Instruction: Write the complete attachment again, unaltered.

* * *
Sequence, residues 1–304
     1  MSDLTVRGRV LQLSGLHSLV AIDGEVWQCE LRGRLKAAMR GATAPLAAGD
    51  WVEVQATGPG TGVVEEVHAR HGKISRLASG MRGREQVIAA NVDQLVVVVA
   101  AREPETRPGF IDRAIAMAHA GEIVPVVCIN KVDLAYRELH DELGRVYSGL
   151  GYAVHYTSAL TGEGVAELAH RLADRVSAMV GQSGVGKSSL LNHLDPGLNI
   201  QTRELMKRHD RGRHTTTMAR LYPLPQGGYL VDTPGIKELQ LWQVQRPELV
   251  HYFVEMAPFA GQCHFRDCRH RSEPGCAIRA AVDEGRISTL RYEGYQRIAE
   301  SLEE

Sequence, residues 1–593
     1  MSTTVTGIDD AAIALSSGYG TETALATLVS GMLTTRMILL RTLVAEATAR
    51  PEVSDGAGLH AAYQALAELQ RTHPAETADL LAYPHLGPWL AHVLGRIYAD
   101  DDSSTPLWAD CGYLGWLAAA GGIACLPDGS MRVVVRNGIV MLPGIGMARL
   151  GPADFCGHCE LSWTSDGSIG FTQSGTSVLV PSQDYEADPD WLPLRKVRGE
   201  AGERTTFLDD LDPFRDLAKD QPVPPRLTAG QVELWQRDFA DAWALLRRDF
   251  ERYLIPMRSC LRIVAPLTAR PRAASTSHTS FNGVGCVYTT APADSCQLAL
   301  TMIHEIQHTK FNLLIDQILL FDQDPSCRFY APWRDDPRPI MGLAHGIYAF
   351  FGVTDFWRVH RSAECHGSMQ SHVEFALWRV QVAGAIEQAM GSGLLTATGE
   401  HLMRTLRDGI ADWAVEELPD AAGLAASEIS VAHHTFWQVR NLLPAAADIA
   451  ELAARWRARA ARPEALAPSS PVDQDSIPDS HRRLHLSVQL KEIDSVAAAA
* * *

Sequence, residues 1–304
     1  MSDLTVRGRV LQLSGLHSLV AIDGEVWQCE LRGRLKAAMR GATAPLAAGD
    51  WVEVQATGPG TGVVEEVHAR HGKISRLASG MRGREQVIAA NVDQLVVVVA
   101  AREPETRPGF IDRAIAMAHA GEIVPVVCIN KVDLAYRELH DELGRVYSGL
   151  GYAVHYTSAL TGEGVAELAH RLADRVSAMV GQSGVGKSSL LNHLDPGLNI
   201  QTRELMKRHD RGRHTTTMAR LYPLPQGGYL VDTPGIKELQ LWQVQRPELV
   251  HYFVEMAPFA GQCHFRDCRH RSEPGCAIRA AVDEGRISTL RYEGYQRIAE
   301  SLEE

Sequence, residues 1–593
     1  MSTTVTGIDD AAIALSSGYG TETALATLVS GMLTTRMILL RTLVAEATAR
    51  PEVSDGAGLH AAYQALAELQ RTHPAETADL LAYPHLGPWL AHVLGRIYAD
   101  DDSSTPLWAD CGYLGWLAAA GGIACLPDGS MRVVVRNGIV MLPGIGMARL
   151  GPADFCGHCE LSWTSDGSIG FTQSGTSVLV PSQDYEADPD WLPLRKVRGE
   201  AGERTTFLDD LDPFRDLAKD QPVPPRLTAG QVELWQRDFA DAWALLRRDF
   251  ERYLIPMRSC LRIVAPLTAR PRAASTSHTS FNGVGCVYTT APADSCQLAL
   301  TMIHEIQHTK FNLLIDQILL FDQDPSCRFY APWRDDPRPI MGLAHGIYAF
   351  FGVTDFWRVH RSAECHGSMQ SHVEFALWRV QVAGAIEQAM GSGLLTATGE
   401  HLMRTLRDGI ADWAVEELPD AAGLAASEIS VAHHTFWQVR NLLPAAADIA
   451  ELAARWRARA ARPEALAPSS PVDQDSIPDS HRRLHLSVQL KEIDSVAAAA